Dignitaries expected to pay last respects to Ahmed Kathrada
Former President Kgalema Motlanthe is expected to give a political tribute to Ahmed Kathrada before the funeral proceedings for the late struggle stalwart get underway.
JOHANNESBURG – Dozens of dignitaries, including members of the African National Congress (ANC)’s top six are expected to pay their last respects at the Westpark Cemetery in Johannesburg for the burial of struggle stalwart Ahmed Kathrada.
On Tuesday, President Jacob Zuma declared a special official funeral for the liberation activist but this morning, the Presidency confirmed he would not be in attendance.
No reason was given for his absence.
The Ahmed Kathrada Foundation yesterday denied the president was barred from being at the cemetery and has only indicated that Zuma would not be a speaker at the service.
Former President Kgalema Motlanthe is expected to give a political tribute to Kathrada before the funeral proceedings get underway.
The foundation CEO Neeshan Balton says: “The funeral will be at Westpark Cemetery at 10am and then there will be other tributes from various other sectors there. There will be an interfaith service, culminating in a Muslim prayer and Muslim burial.”
Deputy President Cyril Ramaphosa will lead the state’s special official memorial, set to take place on Wednesday morning.
GALLERY: Ahmed Kathrada: A life in pictures
MBEKI PAYS TRIBUTE
An emotional former President Thabo Mbeki has paid tribute to Kathrada, saying his death is a major and painful loss to South Africa.
Mbeki said the country has lost one of the loyal giants of the struggle.
He also said Kathrada never gave up on the ANC despite its leadership troubles.
“Kathy, for all of these years that he’s been in the struggle, he’s been very loyal to the struggle, its objectives and outcomes. The fact that he would stay in the ANC despite being very critical of the leadership and things that have gone wrong, it wouldn’t surprise me.”
The former president said Kathrada’s death should not hinder the vital discussion between ANC veterans and leaders on ways to fix the party’s current problems.
Mbeki said Kathrada would have wanted the process to continue and ultimately succeed.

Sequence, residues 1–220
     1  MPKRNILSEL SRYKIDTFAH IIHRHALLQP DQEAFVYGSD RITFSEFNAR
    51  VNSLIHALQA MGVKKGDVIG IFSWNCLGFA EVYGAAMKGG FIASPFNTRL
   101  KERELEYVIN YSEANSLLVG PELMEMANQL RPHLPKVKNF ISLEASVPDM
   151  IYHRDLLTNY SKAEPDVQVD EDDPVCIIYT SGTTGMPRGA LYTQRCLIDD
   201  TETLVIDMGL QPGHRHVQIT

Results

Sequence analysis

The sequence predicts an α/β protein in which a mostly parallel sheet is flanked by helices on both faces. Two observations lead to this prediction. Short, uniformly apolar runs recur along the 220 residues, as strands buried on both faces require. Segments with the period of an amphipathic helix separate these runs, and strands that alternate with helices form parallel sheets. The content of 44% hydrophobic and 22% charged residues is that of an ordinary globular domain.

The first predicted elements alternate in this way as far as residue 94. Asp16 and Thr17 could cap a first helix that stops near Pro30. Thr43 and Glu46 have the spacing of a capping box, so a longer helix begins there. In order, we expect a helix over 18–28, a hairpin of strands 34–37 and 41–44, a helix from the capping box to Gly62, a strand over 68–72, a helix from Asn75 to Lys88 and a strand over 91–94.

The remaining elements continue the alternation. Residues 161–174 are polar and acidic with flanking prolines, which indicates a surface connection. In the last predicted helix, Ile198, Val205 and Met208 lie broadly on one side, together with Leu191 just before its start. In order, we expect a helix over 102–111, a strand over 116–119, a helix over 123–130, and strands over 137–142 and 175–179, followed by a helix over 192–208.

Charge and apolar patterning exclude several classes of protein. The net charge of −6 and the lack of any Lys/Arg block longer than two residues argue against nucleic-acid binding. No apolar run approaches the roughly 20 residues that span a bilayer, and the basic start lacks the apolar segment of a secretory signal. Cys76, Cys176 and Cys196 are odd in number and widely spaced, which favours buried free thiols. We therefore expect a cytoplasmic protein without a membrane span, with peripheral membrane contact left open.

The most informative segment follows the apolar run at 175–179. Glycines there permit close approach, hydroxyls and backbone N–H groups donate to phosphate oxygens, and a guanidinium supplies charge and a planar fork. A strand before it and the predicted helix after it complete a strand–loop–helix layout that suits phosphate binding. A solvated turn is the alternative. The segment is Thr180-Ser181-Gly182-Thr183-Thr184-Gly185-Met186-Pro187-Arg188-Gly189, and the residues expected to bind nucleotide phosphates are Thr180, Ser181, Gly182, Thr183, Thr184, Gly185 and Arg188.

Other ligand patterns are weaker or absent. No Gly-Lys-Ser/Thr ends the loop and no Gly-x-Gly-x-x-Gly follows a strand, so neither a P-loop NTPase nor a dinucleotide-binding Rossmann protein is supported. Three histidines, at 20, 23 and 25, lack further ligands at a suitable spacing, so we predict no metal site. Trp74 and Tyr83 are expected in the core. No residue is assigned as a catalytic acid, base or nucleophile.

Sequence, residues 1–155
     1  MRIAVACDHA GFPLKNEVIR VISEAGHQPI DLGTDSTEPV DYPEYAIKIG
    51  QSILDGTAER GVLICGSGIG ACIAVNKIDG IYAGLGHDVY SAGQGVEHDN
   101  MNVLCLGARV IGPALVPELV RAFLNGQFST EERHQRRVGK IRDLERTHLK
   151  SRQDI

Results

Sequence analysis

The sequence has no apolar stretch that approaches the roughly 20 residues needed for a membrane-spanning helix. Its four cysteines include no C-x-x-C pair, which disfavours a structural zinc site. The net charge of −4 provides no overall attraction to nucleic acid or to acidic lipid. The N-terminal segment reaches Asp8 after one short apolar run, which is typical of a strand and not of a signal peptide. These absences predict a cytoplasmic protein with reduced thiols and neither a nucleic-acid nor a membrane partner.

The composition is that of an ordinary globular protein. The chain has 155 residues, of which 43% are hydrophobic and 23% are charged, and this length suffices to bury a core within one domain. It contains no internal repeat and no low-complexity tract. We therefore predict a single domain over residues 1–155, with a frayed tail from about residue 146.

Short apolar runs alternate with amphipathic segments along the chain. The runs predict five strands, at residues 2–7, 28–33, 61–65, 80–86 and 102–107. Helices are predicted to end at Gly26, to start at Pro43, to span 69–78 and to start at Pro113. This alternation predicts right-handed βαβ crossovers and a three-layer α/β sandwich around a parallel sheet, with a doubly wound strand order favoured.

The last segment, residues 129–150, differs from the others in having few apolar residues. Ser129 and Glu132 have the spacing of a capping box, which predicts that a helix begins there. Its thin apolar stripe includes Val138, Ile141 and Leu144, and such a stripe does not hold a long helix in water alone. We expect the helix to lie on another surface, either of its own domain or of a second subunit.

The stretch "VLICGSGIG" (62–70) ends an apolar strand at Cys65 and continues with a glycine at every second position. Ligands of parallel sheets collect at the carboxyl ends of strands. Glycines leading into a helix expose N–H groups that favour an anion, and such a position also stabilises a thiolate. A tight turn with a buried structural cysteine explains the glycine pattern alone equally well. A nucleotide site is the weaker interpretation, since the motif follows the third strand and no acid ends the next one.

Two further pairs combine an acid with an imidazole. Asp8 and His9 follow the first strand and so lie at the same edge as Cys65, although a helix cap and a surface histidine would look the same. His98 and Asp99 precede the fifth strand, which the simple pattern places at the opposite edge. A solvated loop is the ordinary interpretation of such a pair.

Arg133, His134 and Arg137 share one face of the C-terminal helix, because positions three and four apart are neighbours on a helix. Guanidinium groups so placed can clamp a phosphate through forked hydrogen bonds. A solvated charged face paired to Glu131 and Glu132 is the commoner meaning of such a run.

“I must say that he was quite fearless in terms of his determination to confirm what was wrong in the ANC.”
LISTEN: Ahmed Kathrada: A gentle freedom warrior
Kathrada is being remembered as a selfless freedom fighter, a champion of the people and a role model to all leaders.
In recent years, Kathrada was a vocal critic of President Jacob Zuma.
Just last year, the struggle stalwart wrote an open letter to Zuma in which he implored him to resign.
“Dear Comrade President, don’t you think your continued stay as President will only serve to deepen the crisis of confidence in the government of the country?”
And with those words, struggle stalwart Kathrada made his position on President Zuma abundantly clear.
In the letter, he describes how he agonised for a while before writing to the president adding it was painful for him.
He said it had never occurred to him that the time would come when he would feel obliged to express his concerns in this manner.
WATCH: Ahmed Kathrada dies at the age of 87
He reminded Zuma that the position of president is one that “must at all times unite the country behind a vision and programme that seeks to make tomorrow a better day than today for all South Africans”.
He added that it's a position that requires the respect of all South Africans and which must be earned.
Kathrada raised difficult issues saying he did not speak out about Nkandla, or when he felt insulted when the President was labelled a 'thief' and a 'rapist' or when he was accused of being under the influence of the Guptas.
But the struggle icon felt compelled to speak out when Nhlanhla Nene was fired as he believed Zuma's decision went against what was in the best interest of the movement.
He said his concern was amplified when it emerged that deputy Finance Minister Mcebisi Jonas confirmed that he'd been offered the Finance Minister's post by members of the Gupta family.
Kathrada ended the letter, stating: “There comes a time in the life of every nation when it must choose to submit or fight. Today I appeal to our president to submit to the will of the people and resign.”
(Edited by Leeto M Khoza)